by Rudyard Kipling
Character Role Analysis
Whose name appears on just about every page of this book? Kim's. When you close your copy of the novel and look at the front cover, what do you see as the title? Kim. These are both pretty good clues that Kim is the main character. The novel Kim tells us the story of young Kim's development from a lying, cheating, fun-loving kid on the streets of Lahore to a serious, dedicated, responsible member of the British Indian Secret Service. Since it's his story that really structures the whole plot of the novel, it would be tough not to call Kim our protagonist.
While the lama may not appear in every chapter the way our main main character Kim does, we still think that we can call him the book's second protagonist. After all, the lama's quest for the River of the Arrow begins even before Kim really knows what he's looking for in life (beyond this vague and exciting prophecy about a Red Bull in a green field, of course). And the lama's Enlightenment is also what ends the novel, as we discuss in our section "What's Up With the Ending?"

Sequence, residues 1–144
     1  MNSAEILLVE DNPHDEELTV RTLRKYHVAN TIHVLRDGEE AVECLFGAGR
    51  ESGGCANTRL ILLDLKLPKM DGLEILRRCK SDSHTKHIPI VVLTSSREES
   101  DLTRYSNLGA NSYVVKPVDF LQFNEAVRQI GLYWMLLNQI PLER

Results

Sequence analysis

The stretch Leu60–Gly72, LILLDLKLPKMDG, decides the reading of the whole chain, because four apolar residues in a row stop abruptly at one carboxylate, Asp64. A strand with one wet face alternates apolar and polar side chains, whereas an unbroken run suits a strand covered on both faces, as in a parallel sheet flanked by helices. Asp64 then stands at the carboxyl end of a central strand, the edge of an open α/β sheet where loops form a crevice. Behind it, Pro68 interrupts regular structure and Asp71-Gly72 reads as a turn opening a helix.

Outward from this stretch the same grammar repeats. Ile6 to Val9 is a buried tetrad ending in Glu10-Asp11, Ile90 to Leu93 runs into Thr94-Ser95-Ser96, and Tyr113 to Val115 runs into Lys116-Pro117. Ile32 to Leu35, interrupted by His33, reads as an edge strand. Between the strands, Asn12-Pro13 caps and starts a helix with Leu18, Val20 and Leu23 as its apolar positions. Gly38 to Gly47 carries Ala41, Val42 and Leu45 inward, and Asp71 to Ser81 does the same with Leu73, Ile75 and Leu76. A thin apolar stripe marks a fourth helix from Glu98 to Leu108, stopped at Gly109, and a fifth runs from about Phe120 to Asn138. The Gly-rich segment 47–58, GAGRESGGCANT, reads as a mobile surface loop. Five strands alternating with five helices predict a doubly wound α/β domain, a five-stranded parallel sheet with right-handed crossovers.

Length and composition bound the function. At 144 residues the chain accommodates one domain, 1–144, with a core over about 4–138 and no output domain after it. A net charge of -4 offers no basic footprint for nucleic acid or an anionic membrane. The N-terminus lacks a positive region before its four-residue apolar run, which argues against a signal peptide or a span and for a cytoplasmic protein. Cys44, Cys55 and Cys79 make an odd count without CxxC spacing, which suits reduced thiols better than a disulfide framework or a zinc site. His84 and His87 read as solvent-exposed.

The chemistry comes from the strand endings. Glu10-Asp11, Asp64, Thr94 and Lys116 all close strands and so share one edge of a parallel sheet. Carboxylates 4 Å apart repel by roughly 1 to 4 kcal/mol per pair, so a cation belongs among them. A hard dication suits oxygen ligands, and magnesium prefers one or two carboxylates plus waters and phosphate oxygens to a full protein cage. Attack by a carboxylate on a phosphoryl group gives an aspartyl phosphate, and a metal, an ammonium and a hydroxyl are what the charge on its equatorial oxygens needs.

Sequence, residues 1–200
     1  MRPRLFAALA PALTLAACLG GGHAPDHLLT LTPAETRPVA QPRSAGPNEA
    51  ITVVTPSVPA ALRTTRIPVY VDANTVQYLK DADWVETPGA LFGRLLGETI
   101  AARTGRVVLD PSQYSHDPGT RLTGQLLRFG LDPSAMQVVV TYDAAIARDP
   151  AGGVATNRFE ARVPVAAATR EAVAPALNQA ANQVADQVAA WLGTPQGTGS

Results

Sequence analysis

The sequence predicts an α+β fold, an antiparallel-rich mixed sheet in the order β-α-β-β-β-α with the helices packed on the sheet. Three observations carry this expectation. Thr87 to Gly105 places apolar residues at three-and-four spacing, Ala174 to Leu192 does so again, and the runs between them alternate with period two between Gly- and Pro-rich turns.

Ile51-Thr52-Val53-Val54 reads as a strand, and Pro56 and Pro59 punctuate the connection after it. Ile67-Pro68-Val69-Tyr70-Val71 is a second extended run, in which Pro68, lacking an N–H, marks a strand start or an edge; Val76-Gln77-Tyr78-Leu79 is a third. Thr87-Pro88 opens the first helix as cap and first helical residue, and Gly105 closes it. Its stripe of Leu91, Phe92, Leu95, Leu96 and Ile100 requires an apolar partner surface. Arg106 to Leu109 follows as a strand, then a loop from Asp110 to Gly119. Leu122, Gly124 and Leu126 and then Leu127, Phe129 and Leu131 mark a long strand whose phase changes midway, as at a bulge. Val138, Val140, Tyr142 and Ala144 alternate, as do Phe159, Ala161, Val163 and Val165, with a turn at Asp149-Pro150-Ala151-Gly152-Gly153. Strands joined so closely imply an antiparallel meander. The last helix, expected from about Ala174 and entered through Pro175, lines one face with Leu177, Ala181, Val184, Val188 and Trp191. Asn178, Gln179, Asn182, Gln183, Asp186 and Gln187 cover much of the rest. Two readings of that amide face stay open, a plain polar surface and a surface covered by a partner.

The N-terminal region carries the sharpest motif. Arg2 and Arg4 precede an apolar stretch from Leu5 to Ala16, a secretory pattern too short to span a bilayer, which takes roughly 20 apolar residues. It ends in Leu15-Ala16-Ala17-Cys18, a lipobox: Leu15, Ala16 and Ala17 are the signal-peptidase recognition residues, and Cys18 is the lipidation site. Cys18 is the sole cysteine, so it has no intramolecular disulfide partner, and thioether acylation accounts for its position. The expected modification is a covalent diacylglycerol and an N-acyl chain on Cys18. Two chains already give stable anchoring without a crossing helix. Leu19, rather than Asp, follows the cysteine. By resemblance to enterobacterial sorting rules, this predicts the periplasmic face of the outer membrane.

Not only does the sympathy between the lama and Kim give Kim a reason to leave Lahore in the first place, but the lama also undergoes his own journey of self-discovery over the course of the book. The lama is the only other character besides Kim who actually changes in this novel, so we feel pretty confident in giving him main character status.